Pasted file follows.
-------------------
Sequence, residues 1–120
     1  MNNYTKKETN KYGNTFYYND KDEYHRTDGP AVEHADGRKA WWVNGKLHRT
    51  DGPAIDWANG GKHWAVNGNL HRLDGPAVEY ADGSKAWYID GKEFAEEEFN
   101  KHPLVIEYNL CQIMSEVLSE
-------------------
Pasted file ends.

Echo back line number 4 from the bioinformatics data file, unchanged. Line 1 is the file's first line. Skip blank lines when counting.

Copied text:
   101  KHPLVIEYNL CQIMSEVLSE